I'm so tired today and I've got editing work to do. We went to see a Marlies game on Friday night. They lost (eight to two) but the game was fun. There was a crackerjack fellow sitting in the row in front of us who was a super-fan. Screaming at the top of his lungs, yelling sh*t about how the team needed to show some heart even if they were losing. He almost got kicked out of the arena because he was talking smack with some other drunk kids a couple of rows beneath us. It was awesome.

Oh, and the goalie waved at us. Which, of course, set him off all over again. It was almost as much fun as a rock and roll show. Almost.

Then yesterday we had a Valentine's Day party to go to. As a result, I can barely move today and am anxiously awaiting the barfing that's sure to arrive seeing as I only got about three hours sleep last night. Today is a bad movie, ain't gonna move off the couch, gonna do my work on the laptop kind of day.

Aw, Sunday.

Thursday, February 09, 2006

My Turn

Scarbie and Blondie did it—and I don't want to feel left out. So I'm copying both of them. I hope that's okay ladies.

Four jobs I’ve had:
1. Ice cream girl at Baskin Robbins. Here is where I cultivated my love for Daquiri Ice slushies with vodka, rode my skateboard to work, and attempted to glue all of the things I broke back together with the chocolate sauce. Ask Suzi if you don't believe me.
2. Working at the Gap. God, I loved working at the Gap. I loved folding. I loved doing the cash. I loved the 50% staff discount. I loved the mall. Man, I miss that job.
3. Executive Producer. I ran some web sites. I loved it. I did not love my BFH. And in the end, all the stress caused the disease to come back. Bastards.
4. Writer. My favourite job of all time. Five books and counting, a few poems, and giant ambition. I'll keep y'all posted on that one...

Four movies I could watch over and over (well, this week):
1. Underworld (I am a deathdealer)
2. Love Actually (Joni Mitchell taught your cold, English wife to love)
3. Bridget Jones's Diary (Everyone knows that diaries are total crap)
4. Badlands (I run the words on the roof of my mouth with my tongue too)

Four places I’ve lived:
1. Brockville, Toronto, ON
2. Kingston, ON
3. Banff, AB
4. Mississauga, ON

Four TV shows I love (currently):
1. Ellen (I know! It's cheesy! I love it!)
2. Lost
3. Coronation Street (see note above)
4. Grey's Anatomy (there's something satisfying about having crazy-ass medical problems and watching a show about medicine)

Four places I've been on vacation:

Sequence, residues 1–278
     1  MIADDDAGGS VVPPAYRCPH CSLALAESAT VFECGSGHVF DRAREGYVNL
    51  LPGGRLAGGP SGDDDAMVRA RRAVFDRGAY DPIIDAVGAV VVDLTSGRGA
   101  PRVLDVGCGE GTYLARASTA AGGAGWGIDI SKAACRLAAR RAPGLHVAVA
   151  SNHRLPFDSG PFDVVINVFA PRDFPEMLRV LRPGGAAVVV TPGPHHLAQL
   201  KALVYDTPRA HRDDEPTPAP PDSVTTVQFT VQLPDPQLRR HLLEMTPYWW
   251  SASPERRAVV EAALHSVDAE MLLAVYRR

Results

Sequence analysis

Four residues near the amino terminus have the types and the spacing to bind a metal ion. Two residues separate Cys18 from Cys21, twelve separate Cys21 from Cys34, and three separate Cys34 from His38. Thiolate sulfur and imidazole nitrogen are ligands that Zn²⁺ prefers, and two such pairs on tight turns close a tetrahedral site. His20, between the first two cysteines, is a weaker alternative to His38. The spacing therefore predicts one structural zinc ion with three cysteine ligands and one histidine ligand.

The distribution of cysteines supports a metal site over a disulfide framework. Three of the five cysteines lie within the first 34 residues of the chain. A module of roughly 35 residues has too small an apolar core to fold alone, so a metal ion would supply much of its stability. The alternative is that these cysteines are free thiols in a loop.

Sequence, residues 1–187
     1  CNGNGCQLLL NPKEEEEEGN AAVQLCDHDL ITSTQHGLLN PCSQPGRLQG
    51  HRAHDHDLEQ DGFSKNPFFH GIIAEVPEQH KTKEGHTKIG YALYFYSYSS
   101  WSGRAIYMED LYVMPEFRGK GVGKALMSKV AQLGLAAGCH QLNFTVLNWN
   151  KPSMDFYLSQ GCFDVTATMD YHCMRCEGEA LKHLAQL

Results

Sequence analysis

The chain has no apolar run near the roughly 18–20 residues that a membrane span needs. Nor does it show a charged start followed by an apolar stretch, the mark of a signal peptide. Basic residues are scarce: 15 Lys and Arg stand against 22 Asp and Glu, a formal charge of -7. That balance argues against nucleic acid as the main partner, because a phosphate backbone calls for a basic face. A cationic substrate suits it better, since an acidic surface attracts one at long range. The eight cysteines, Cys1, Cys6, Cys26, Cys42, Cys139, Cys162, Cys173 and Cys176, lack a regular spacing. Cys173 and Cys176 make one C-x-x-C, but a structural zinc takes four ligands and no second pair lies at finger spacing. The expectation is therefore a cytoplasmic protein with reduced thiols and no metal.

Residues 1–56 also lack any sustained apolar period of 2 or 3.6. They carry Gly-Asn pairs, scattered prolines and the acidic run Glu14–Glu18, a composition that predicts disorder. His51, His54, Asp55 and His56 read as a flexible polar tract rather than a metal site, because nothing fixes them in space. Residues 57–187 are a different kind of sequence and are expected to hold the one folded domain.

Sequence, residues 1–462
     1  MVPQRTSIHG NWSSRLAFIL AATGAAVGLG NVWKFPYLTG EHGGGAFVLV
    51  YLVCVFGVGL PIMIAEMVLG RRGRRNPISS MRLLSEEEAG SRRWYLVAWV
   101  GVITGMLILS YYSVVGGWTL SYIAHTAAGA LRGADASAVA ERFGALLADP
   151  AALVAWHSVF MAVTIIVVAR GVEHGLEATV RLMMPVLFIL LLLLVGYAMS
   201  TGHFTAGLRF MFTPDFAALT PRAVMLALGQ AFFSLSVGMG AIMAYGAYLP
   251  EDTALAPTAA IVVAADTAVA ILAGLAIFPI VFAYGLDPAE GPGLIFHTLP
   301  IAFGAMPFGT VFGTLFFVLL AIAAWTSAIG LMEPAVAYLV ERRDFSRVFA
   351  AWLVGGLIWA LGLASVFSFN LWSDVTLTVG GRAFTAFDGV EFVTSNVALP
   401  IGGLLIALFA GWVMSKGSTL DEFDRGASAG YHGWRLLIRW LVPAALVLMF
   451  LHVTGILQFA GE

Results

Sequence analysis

1. Ireland (my favourite place was Derry)
2. London, England (my favourite thing is having a pint with Elyssa and her mates)
3. Winnipeg, MB (my favourite place to watch the pelicans)
4. My cottage, Havelock, ON (my favourite place to call home)

Four blogs I visit daily…:
1. Hissyfit
2. Martinis for Milk
3. Friends, Romans
4. Blondie's
5. Ethel Knots
6. And all the others on my list to the right. I don't want to leave anyone out. I love them all so!

Four Favorite Foods:
1. My RRHB's Fakon, Lettuce and Tomato sandwiches
2. Fish and chips at the pub on the corner of College and Dovercourt
3. Fresh grapes
4. Organic spelt gingerbread cookies

Four places I'd rather be:
1. Can I be honest and say that I'm actually liking where I am right at this moment, sitting in front of the computer, finishing off a story and about to watch the tube after a particularly unchallenging day of work.
2. Well, the only thing that would make it better would be the RRHB being home—but he's working. What a mighty good man!

Four songs I listened to most recently (on the iTunes Party Shuffle):
1. The City, Fembots
2. Wonderwall, Oasis
3. Genuinely Frozen, Greg MacPherson
4. Cain is Rising, Oh Susanna

(hey! It's iTunes, not me!)

Last three vehicles I’ve owned:
1. My bike. Built by an ex-boyfriend who was far too obsessed with The Smiths and it still works to this day.
2. My 1984 Datsun (aka Nissan Sentra). That was the best baby blue crappy-ass car ever. It ran for years.
3. Our current 2003 Nissa Sentra

Whew. That was fun. Now you try!

#6 - Into the Wild

Jon Krakauer's Into the Wild, a mega-huge bestseller about Chris McCandless (aka Alexander Supertramp), a young man who went walking into the Alaskan woods never to be seen alive again, quite simply rocks. I'm a weary nonfiction reader generally. Find nonfiction books to be dry and too historical, too school-like sometimes, but when it's done well, it's so fascinating that it's a real story, that I get sucked in and can't put the book down.

I've been trying to read as much outdoorsy-type nonfiction as I can these days. There's a character in one of the stories I'm writing about Banff who loves to hike and rock climb, and since I do neither, or rather, haven't done either in years, I want to make sure what I'm writing rings true.

Krakauer has a gift for weaving different stories into his nonfiction without them necessarily seeming incongruent. Although the book talks mainly about Chris McCandless, it's also about Krakauer himself, as if understanding a bit more about his own character helped him to get inside the head of the boy who died so tragically. It's a good lesson to take note of...but not like I'll be attempting any Frey-like nonfiction memoirs anytime soon.

Wednesday, February 08, 2006

Leonard Cohen